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Cassiterite from Cornwall
Source: Wikimedia Commons

Tin streaming is a process for extracting tin from the mineral cassiterite (SnO2), which could be obtained from river valleys where the mineral was abundant in alluvial deposits, dug out from the river bed and washed through running water to leave the heavy tin deposits behind.[1] It is a very basic method that has been used for thousands of years. Tin streaming was important to the economy of Cornwall from pre-historic times, and was carried out in many river valleys including the Red River at Godrevy,[2] in the Carnon Valley[3] and on Dartmoor.[4]

Over thousands of years, the tin ore was washed from outcrops where the mineral lodes were present at the surface. Rivers draining the tin ore-rich areas carried particles of cassiterite, black tin, in the sediments as they flowed through their valleys. Particles of ore which are denser than particles of quartz or silica, sank to the valley floor where, over time they became concentrated as an alluvial deposit.[5] The particles of ore or black tin varied in size from grains of sand to larger nuggets the size of eggs.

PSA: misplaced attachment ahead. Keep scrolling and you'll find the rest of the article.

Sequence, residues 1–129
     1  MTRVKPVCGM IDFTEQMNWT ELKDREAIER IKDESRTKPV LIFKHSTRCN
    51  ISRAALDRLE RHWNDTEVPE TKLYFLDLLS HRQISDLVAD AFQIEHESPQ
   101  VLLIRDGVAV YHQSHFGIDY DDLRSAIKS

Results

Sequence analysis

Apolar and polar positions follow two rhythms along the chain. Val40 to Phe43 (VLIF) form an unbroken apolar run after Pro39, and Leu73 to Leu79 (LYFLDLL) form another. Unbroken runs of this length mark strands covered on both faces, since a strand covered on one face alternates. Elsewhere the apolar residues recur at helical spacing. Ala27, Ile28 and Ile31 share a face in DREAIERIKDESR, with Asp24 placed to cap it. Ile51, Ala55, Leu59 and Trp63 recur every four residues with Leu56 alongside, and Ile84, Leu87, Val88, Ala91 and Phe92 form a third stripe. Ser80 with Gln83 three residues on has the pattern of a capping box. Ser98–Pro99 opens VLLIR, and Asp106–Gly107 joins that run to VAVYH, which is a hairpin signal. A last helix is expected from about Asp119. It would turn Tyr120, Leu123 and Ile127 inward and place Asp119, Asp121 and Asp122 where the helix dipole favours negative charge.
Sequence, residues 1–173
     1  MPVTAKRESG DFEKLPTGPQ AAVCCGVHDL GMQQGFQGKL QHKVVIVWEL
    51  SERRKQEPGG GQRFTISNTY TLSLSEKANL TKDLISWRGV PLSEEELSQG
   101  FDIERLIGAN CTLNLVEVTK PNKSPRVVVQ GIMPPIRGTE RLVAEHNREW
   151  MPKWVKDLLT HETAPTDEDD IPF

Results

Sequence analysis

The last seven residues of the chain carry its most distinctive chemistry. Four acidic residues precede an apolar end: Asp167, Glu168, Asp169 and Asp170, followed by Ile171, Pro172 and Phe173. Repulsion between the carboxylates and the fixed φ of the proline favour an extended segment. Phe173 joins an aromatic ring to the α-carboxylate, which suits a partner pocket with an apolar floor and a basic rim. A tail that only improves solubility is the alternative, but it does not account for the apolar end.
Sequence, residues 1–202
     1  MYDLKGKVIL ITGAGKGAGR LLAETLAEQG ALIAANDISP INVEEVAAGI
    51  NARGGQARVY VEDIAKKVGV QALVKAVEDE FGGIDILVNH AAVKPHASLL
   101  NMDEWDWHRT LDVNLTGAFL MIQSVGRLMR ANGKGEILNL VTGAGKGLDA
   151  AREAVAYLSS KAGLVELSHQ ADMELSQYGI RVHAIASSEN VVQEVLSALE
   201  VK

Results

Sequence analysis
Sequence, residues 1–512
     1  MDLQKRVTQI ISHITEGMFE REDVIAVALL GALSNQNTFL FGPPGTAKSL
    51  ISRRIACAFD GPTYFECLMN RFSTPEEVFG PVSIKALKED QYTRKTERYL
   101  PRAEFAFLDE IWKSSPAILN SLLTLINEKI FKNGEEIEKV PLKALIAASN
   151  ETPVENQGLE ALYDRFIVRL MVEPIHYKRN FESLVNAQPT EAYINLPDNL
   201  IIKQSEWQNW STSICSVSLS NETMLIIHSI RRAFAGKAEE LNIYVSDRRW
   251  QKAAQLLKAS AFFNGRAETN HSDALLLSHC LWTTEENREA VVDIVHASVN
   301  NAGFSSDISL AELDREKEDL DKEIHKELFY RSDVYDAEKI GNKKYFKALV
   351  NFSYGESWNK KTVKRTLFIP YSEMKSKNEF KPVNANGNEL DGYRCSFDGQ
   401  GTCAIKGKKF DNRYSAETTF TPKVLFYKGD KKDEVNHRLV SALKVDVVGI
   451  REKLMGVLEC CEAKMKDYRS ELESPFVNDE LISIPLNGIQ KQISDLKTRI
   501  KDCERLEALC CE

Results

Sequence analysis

Tailings streaming grew in importance during the mid-15th century as lode mining grew. Lode ore was broken up, stampedLarge machines for crushing tin and copper ore. and buddled before the tailings were released into adjacent streams. Works to retrieve the lost tin from the tailings were set up, and by the mid-18th century had grown to be as important as alluvial streaming.[2]



Buckley, Allen. “Tin Streaming: An Ancient Industry by Allen Buckley in 1995.” Cornwall Yesteryear, Today & Dreckly.
Camm, Simon. The Geology of Cornwall and the Isles of Scilly. 2011.
Feock PC. “The Great Carnon Streamworks and Carnon Stream Mine.” Feock Trails - History Information,
Henwood, W. J. “On the Detrital Tin-Ore of Cornwall.” Journal of the Royal Institution of Cornwall, no. 4, 1873.
Popham, Chris. “Tin Extraction on Dartmoor.” Open University Geological Society, 2009,